Osteoporosis is a medical conditioning that affects the bones throughout the body, where the bones gradually weaken, become more fragile, and are more vulnerable to breaking from even minor bumps or trauma. Sustaining a fracture (broken bone) to the lower limbs can greatly affect mobility, independence and quality of life – with people aged over 45 years reporting a poorer general health status when living with osteoporosis, compared to those without.

Here in Australia, it is estimated that up to 2.2 million of us are affected by osteoporosis, with 20,000 hip fractures every year – a statistic that appears to be increasing by 40% every decade. Unfortunately, many people don’t become diagnosed until the moment they sustain a fracture, meaning they don’t know to take the right preventative measures before any injury occurs.


What Causes Osteoporosis?

Osteoporosis occurs when you lose bone density much faster than what is considered to be ‘normal’ with ageing. There are a number of risk factors, with some affecting the strength of the bones, and others reducing the quantity of bone tissue that our bodies make and repair. 

Remember, bone is a living tissue, and throughout our lives, new bone is regularly replacing older bone. As we age, the function of many of our bodily processes gradually declines, and our bone-building cells are no exception. Factors that may increase your risk of osteoporosis include:


  • Age – after the age of 50, our risk of osteoporosis increases significantly
  • Smoking – as it slows down the cells that build bone in the body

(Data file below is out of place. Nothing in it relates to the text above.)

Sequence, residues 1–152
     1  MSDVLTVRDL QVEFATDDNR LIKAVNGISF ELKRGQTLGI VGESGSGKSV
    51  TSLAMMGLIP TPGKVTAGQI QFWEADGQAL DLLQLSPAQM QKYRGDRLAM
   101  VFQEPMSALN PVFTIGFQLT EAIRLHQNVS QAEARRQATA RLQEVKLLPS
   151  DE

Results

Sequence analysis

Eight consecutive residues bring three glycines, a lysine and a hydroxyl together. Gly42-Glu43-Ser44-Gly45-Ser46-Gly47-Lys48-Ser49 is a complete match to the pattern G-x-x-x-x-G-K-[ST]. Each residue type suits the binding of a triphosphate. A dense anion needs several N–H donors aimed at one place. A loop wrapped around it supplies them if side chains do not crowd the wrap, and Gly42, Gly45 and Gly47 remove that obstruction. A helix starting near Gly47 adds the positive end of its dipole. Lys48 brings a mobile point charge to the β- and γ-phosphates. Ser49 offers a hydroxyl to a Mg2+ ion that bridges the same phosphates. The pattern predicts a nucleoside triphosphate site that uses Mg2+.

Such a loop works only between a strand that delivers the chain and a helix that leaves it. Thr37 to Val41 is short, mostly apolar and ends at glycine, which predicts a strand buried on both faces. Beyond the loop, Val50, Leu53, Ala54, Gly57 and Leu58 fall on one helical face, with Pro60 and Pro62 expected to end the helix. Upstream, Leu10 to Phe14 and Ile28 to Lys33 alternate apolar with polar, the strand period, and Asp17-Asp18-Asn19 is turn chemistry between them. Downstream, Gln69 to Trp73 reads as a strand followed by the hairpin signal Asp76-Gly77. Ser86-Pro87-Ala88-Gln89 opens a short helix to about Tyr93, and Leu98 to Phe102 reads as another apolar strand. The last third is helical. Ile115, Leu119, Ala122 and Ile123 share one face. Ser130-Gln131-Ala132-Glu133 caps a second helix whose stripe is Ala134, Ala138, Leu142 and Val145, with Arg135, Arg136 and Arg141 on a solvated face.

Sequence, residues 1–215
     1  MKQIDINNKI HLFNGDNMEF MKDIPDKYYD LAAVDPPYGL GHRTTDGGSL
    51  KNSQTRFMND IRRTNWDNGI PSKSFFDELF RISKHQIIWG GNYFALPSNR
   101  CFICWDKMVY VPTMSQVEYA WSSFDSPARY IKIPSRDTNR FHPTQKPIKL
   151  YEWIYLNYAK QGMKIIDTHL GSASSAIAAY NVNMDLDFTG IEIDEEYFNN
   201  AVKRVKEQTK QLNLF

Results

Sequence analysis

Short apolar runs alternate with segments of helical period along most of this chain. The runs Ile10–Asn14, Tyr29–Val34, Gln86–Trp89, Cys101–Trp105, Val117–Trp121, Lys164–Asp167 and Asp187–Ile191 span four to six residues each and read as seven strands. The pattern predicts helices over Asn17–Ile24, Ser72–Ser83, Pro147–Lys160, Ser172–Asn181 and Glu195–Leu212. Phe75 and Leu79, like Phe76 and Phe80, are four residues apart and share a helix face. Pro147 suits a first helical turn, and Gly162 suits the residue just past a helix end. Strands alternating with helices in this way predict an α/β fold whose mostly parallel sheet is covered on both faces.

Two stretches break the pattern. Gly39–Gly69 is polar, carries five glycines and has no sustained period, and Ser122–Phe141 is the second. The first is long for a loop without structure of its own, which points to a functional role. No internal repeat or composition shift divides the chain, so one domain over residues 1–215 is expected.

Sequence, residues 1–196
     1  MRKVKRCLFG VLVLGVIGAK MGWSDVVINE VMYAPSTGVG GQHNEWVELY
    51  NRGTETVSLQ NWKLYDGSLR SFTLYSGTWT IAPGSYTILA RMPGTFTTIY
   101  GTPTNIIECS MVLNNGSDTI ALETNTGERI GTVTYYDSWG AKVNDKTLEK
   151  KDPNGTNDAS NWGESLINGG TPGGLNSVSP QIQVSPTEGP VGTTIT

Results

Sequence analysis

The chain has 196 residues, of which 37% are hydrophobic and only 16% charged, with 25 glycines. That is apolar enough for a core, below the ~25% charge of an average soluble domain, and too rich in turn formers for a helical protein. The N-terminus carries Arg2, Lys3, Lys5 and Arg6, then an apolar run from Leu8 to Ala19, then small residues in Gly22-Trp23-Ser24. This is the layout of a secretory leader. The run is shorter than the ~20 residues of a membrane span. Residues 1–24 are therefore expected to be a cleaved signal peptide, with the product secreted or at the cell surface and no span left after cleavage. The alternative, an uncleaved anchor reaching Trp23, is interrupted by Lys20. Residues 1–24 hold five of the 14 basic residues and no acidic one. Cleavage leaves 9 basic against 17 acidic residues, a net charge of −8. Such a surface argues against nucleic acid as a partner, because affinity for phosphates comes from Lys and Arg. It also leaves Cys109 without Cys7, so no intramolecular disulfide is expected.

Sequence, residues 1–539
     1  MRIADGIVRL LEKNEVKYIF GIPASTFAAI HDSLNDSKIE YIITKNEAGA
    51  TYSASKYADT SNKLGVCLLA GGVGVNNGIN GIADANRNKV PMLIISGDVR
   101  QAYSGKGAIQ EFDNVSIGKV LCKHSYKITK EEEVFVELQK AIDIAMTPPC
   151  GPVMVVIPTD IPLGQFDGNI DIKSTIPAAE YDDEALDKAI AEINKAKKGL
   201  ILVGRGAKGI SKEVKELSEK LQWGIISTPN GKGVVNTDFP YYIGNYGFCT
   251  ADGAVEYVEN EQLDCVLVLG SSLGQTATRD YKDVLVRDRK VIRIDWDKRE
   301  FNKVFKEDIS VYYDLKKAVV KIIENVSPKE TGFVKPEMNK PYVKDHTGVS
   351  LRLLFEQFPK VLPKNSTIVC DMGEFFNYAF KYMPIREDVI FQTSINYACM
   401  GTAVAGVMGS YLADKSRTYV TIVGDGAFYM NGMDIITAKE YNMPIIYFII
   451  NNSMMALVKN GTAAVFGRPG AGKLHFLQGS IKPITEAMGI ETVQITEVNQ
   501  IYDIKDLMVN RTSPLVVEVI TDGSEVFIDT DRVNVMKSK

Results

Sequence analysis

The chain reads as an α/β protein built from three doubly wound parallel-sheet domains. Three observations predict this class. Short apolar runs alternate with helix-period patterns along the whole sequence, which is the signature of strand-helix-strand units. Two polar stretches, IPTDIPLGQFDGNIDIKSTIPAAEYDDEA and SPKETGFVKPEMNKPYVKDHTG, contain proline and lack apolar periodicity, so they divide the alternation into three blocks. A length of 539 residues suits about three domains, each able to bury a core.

• Female gender – women have a higher risk due to both hormonal changes (particularly estrogen which helps promote strong bones, which is lost during menopause) and the predisposition to have smaller bones
  • Lower body weight – particularly having a BMI of 19 or less
  • Low physical activity levels – as regular exercise helps promote bone strength
  • Poor diet – particularly one that is lacking in vitamin D and calcium
  • Medical conditions – like arthritis, Crohn’s disease and hyperthyroidism
  • Excess alcohol consumption – as it affects the bone-building cells
  • Certain medications – like steroids, anti-epileptic treatments, and some cancer treatments
  • Family history – you are more likely to have osteoporosis if your family members did too
  • History of fractures – research shows that if you’ve broken a bone previously, you’re 2-3 times more likely to break another


Osteoporosis & Osteopenia – What’s The Difference?

Before you have a diagnosis of osteoporosis, you may receive a diagnosis of osteopenia. This means that your bone density has decreased, but is not low enough to be classified as ‘osteoporosis’. In this case, you still need to take extra care – and make changes to help prevent you from reaching the state of osteoporosis.


Treating Osteoporosis

There are a number of medical treatments that help you manage osteoporosis. These work by either slowing down the cells that break down bone, stimulating the cells that build new bone, or both.

Here at My FootDr, we help patients affected by or at risk of osteoporosis by helping reduce their risk of falls and improving their stability and comfort on their feet. We can also identify areas of high stress that may be more vulnerable to fractures, and work to reduce the stress to these areas, and redistribute weight forces more evenly over the bones and joints. Custom foot orthotics are a great tool to help achieve these goals, as is physical therapy and footwear assessment. 


Your personal risk factors, symptoms, history and your foot biomechanics are uniquely assessed at your appointment, so your podiatrist can create the right treatment plan for you to optimise your health and outcomes.